Can there be damage that is completely hidden?
Yes is the quick answer. The assessment of whether a building is safe or not following an earthquake is carried out by experienced and knowledgeable engineers. However, not all damages are visible and it is possible to miss but most likely what can happen is the underestimation of the impact of the damage....
Sometimes, just visual inspection may not be sufficient. Sometimes, they have to go and do some calculations if they know a little bit more about the design. I'm talking now not about a one- or two-storey building, but I'm talking about medium to highrise buildings. The lowrise buildings, certainly, … one can look at it and see what type of damage that has occurred and then decide whether that building needs upgrades or is OK as is, or probably it's better to tear it down and rebuild.
What is the key to ensuring a building can withstand multiple quakes?
Ductility. The building has to have sufficient ductility.
What is that?
It's a measure of the building being able to absorb energy and it is related to its displacement beyond its elastic limit…. Buildings are designed to absorb the energy without collapsing by undergoing large deformations, what we call nonlinear behaviour.
How could we picture that action?
Ductility is a material property. If we subject a rod made of steel and a second rod made of stone to a tensile load, we observe that the steel rod will undergo large deformation and when it fails, it is not catastrophic, whereas the rod made of stone will experience a very small deformation if any and then without any notice will crack and fail in a brittle and catastrophic manner. Steel rod failed in a ductile manner whereas the stone fails in a brittle manner. The same concept is extended for buildings. However, we compare the overall deformation of the building to its elastic limit and we use the ratio as a measure of the building ductility.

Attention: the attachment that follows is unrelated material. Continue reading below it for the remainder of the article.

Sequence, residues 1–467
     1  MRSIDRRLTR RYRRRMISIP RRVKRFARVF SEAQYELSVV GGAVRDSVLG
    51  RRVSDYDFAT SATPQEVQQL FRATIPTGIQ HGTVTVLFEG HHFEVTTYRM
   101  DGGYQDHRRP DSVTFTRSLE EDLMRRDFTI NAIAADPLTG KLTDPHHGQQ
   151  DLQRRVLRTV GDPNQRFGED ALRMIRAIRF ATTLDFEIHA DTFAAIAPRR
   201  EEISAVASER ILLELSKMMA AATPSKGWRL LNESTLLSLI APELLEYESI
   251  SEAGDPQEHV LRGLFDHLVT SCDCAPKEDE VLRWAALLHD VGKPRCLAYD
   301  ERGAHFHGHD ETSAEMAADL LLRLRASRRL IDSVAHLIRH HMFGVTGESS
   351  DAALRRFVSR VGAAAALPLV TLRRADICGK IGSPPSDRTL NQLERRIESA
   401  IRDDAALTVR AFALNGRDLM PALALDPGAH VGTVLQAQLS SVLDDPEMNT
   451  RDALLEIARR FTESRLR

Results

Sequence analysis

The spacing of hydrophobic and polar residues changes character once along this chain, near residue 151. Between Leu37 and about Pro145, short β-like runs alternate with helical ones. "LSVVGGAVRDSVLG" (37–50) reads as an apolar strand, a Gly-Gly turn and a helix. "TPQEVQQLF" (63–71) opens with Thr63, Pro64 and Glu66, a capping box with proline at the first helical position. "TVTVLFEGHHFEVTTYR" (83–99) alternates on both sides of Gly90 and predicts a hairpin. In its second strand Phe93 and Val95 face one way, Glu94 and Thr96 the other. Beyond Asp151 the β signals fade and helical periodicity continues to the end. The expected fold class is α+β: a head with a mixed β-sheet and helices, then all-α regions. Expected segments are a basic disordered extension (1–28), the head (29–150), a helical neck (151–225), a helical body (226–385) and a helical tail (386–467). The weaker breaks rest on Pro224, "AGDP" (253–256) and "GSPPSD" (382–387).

As an engineer, how do you ensure the best ductility possible?
Building codes such as the National Building Code of Canada and material standards such as those developed for concrete and steel by the Canadian Standards Association guide engineers with their design.
Could a building be made to withstand any earthquake?
In theory, yes. Can we afford it - that's another question. Engineers design according to building codes and standards. Codes provide a balance between life safety and economics.
What about seeing two quakes in New Zealand and much more damage the second time around? What lessons are there for us in that?
Historically, it is possible to experience two earthquakes in a short period of time, but it has not been common. Typically, we have an earthquake followed by aftershocks. We have been conditioned to believe that once we have survived an earthquake, we should be OK for some time, with the false expectation that the next earthquake will not occur soon. Unfortunately, nature does not follow our logic. This was also an unfortunate event for Christchurch.
If there is a lesson to be learned from this experience, it is no one can predict when an earthquake will occur and when the second one will follow. Therefore, if a building suffers significant damage — particularly when you're dealing with public buildings or buildings where you expect to have large number of occupants — I think repair has to be carried out immediately or the use of those buildings has to be more or less restricted until the building has been repaired to the original level. Otherwise, as we've experienced in Christchurch, the results can be catastrophic depending on the severity of the seismic event.